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Is Unilever plc A Better Buy Than Reckitt Benckiser Group plc And McBride plc?

Last week, Goldman Sachs warned that as grocery shopping is increasingly conducted online, the big brands from Unilever (LSE: ULVR) would find tougher competition from rival brands. Online supermarkets are not limited by shelf space and have huge distribution centres, which allow them to stock a wider range of products, allowing more competition between products.

With increasing competition, the big food and homecare brands from Unilever and Reckitt Benckiser (LSE: RB) are likely to see slowing sales growth and margins compression. Already, sales growth has already slowed considerably, with food and homecare brands being the slowest categories of both businesses.

Brands vs white label

McBride (LSE: MCB) supplies retailers with private label household cleaning and personal care products. In a highly commoditised market, McBride’s 3.4% operating margin is a far cry from the double-digit margins that Unilever and Reckitt enjoy.

Suppliers of white-label products compete heavily on price, but McBride tries to differentiate itself by investing in new product formulations. As consumers move away from the big brands, McBride is in a strong position to capture more market share.

McBride already owns a small range of its own-branded products, including Ovenpride and Limelite, and this could be an opportunity for the company to grow its presence. Consumers, who have become increasingly price conscious, should become more willing to switch from the well-known brands to cheaper alternatives.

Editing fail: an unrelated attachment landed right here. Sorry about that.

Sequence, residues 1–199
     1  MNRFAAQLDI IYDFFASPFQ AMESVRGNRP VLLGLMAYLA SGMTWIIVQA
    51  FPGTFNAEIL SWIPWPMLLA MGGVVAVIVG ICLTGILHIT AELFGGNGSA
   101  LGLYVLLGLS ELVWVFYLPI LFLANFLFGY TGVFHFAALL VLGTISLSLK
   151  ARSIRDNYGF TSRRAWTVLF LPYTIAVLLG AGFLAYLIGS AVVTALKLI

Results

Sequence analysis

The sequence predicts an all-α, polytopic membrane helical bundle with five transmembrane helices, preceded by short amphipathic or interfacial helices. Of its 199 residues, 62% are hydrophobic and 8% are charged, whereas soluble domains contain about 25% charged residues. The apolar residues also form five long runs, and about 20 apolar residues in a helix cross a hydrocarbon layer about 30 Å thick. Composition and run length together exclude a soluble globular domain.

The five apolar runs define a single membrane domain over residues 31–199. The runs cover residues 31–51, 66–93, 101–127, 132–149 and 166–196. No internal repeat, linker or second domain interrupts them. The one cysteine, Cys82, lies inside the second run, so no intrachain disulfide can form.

Growth rates and valuations

Shares in Unilever trade at a forward P/E of 21.5 on expectations that underlying EPS will grow 13% this year to 130.8 pence. In the following year, earnings growth is predicted to slow to 7%, and this should mean Unilever’s forward P/E should fall to 20.0, based on its 2016 underlying EPS of 140.1 pence.

Reckitt has even higher earnings multiples. Its forward P/E ratios are 25.0 and 23.3 on its expected 2015 and 2016 earnings, respectively. This is in spite of its slower pace of expected earnings growth. Underlying EPS is only forecast to grow 3% this year, to 240.6 pence, before accelerating to 7% in 2016. Reckitt’s more expensive valuation is most likely down to its higher operating margins and historically faster earnings growth.

McBride, which lacks the brand power of its much larger competitors, seems far cheaper. Its forward P/E is 15.0 on expectations that underlying EPS will soar by 52% to 8.0 pence. For 2016, analysts forecast another 21% growth in underlying EPS, which means its forward P/E based on its expected 2016 earnings will fall to just 12.0. 

McBride is my best pick

McBride has the cheapest valuation and fundamentals for the company are looking up. The structural shift in grocery shopping moving online and consumers becoming increasingly price-conscious should lead to the increased popularity of its products.

My second choice would probably go to Unilever, as it has a slightly cheaper valuation and is less heavily exposed to food and homecare products. Food and homecare products account for around 45% of Unilever’s sales, whilst these products account for some 68% of Reckitt’s sales.

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Jack Tang has no position in any shares mentioned. The Motley Fool UK owns shares of Unilever. We Fools don't all hold the same opinions, but we all believe that considering a diverse range of insights makes us better investors.